Friday, 20 April 2007

0317 GMT

  1. Is Spoon a fork of Squeak, or a future version of it?

          For now, it's a fork; perhaps at some point in the future Spoon could be used as the basis for Squeak. I think it would make sense to plan for Spoon as the basis for Squeak 4.

          I think Spoon would make a good basis for Squeak (or any Smalltalk system), because it's small and extensible, without compromising on reflection, simulation, or portability. It enables a system which is quick and easy to install. This is very attractive to me; installation difficulty has been a classic turn-off for Squeak newcomers, in my observation.

          I also think the way in which Spoon affords extensibility (its module system) would be a big improvement over traditional Smalltalk system organization, and the traditional file-based means of distributing Smalltalk changes. It's much easier to compose a system with such modules, and easier to pull things out (e.g., for deployment in a different snapshot). During distribution, the providing and receiving systems can have a two-way conversation about just what the receiving system needs (and what the providing system has). I have found this to be much more accurate than using files, which represent generic one-way messages from the provider to the receiver. Using live modules often results in a drastic decrease in network traffic, too.

          A Squeak system based on Spoon would need to be a new major version, because Spoon introduces object memory changes which are incompatible with previous virtual machines (e.g., marked method dictionaries), and virtual machine changes which are incompatible with previous object memory snapshots (e.g., method and method dictionary activation marking). We're in the Squeak 3 series now, and there are already several compatibility-breaking changes waiting from the community (e.g., Tim Rowledge's new compiled method format). Let's discuss this!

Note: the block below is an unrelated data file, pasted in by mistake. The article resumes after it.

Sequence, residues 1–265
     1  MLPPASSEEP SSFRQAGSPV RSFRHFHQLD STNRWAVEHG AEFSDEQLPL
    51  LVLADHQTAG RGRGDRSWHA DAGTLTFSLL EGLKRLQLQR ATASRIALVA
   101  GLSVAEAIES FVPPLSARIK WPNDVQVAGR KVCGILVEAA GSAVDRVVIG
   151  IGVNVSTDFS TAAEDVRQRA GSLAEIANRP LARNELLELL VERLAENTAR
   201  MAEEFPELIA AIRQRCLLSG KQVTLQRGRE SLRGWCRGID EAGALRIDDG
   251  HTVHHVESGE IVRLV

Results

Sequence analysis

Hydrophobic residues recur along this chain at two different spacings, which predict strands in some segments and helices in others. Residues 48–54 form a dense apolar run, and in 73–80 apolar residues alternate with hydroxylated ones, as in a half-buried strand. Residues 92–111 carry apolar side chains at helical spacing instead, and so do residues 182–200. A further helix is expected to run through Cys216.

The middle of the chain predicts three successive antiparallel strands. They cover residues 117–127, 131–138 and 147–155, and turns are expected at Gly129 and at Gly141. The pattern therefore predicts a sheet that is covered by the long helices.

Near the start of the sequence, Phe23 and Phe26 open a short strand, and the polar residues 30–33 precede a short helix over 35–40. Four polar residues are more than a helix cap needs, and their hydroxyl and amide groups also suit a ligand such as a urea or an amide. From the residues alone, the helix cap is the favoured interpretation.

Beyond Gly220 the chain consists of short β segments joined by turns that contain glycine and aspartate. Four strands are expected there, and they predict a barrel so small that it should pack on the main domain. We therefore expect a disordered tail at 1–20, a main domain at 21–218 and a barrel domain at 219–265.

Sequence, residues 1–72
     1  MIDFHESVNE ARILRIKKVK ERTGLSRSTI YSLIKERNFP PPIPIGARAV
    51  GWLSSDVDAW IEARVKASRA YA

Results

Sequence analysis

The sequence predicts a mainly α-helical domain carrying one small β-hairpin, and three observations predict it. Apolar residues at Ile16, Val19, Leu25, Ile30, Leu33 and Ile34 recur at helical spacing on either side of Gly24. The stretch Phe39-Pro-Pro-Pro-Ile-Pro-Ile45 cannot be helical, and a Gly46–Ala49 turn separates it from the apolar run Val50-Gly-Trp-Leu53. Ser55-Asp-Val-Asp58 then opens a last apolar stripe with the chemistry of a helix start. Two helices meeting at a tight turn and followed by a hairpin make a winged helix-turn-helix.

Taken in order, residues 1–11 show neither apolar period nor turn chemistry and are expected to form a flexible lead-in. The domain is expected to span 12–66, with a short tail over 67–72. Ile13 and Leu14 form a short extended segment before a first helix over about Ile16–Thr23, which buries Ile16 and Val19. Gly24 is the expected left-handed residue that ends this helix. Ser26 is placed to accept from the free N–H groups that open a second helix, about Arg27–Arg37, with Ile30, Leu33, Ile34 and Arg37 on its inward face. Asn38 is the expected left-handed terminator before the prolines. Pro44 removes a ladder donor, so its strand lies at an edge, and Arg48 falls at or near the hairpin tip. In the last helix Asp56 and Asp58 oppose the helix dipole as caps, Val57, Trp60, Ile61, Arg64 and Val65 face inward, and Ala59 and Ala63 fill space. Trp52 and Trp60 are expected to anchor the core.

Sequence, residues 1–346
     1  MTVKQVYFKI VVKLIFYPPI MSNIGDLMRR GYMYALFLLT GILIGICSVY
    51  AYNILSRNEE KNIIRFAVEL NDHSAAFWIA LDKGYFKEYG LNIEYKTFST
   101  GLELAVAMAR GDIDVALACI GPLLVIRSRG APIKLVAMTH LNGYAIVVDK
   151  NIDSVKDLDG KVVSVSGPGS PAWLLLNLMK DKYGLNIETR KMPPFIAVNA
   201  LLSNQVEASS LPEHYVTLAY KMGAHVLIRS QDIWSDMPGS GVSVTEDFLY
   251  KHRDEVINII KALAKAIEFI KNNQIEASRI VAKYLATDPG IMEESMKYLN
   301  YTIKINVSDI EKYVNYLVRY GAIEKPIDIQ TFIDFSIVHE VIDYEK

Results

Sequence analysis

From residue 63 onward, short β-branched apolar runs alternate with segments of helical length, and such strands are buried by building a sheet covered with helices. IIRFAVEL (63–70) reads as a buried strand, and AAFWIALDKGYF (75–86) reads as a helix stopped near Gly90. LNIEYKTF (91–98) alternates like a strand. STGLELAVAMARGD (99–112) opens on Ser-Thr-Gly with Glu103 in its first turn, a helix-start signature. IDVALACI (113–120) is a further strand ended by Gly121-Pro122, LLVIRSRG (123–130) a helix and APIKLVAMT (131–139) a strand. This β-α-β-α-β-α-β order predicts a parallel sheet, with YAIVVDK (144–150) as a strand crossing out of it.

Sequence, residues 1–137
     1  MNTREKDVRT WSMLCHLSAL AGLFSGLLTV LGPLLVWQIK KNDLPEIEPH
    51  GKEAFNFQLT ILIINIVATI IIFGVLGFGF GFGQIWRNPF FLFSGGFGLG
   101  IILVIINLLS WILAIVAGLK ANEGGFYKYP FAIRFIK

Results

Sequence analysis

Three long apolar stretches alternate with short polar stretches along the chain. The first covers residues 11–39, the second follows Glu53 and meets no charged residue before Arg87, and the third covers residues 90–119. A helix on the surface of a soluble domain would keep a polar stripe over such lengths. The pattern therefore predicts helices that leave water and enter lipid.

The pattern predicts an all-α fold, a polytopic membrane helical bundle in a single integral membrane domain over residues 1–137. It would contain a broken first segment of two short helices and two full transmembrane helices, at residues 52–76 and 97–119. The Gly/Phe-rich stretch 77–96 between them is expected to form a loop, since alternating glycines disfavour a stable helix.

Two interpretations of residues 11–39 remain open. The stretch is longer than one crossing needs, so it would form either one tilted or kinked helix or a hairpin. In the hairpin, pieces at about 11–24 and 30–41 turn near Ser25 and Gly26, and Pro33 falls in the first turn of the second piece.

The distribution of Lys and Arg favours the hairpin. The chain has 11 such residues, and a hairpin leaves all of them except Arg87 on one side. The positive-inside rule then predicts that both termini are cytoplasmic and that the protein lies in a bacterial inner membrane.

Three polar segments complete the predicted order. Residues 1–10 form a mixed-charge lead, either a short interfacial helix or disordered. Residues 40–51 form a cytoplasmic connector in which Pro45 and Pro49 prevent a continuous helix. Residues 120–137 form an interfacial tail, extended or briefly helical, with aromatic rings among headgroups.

2. Would I have to use Spoon's module system to use Spoon?

          No. It will be a part of the kernel Spoon snapshot, so that Spoon can bootstrap itself, but you'll be able to unload it just like anything else. Nothing will keep people from implementing alternative system organizations, change management systems, etc.

  3. What's the smallest snapshot so far? How much bigger would a useful one be?

          The smallest snapshot I've made so far is 1,337 bytes long, on 19 January 2006. You can get the bits and a visualization of its objects (also see my notes about the visualization tools). It adds 3 and 4, then quits. I created it with a new version of the system tracer that I wrote. This tracer is implemented as a feature of the virtual machine simulator. It keeps track of all the objects that are touched during a particular duration of operation, then uses that information to guide a final garbage collection and snapshot.

          The smallest memory I've got that actually does useful things (supports remote browsing, synchronization, etc.) is 162 KB. I think there's some middle ground between that and the smallest possible memory; I'm currently looking for it. :) My current guess is that the eventual snapshot and virtual machine will each be around 64 KB, and the total memory footprint during execution (virtual machine with object memory) will be 128KB. If anything changes, I'll certainly mention it. :)

  4. What is Spoon missing to be useful for scripting?

          This depends on the kind of scripting you mean. For web-based scripting (AKA "server-side" or "client-side" scripting), the fundamental execution functionality is here now. There are certainly improvements to be made, however. For one, the system has not reached its smallest possible size; download time could be improved. For another, there are many common modules left to be tested, such as XML parsing support. Each person will have their own definition of "usable". I look forward to hearing them, and to planning future releases accordingly.

          As for shell-based scripting (à là perl or ruby), I'm working on that, but have nothing releasable yet. In August 2003 I started work on "squish" (a Squeak shell). It's an enhanced version of tcsh that can do all the normal shell things, as well as communicate with a Spoon snapshot in new and bizarre ways. :) The scripts that squish runs are called "squipts". The production system will probably be called "squipt". I've registered and in anticipation of this.

  5. Are you going to keep calling it "Spoon"?

          Probably. :)   Consider the catchphrase possibilities...

    • There is no Spoon.

    • Spoon is a fork (or Spoon is not a fork, depending on how things go).

    • Spoon will cause quite a stir.

    • SPOOON! The object system of JUSTICE!

          Updating could be called spoon-feeding. "Spoon" spelled backwards is no-ops. And there are already spoons everywhere, providing constant reminders. :)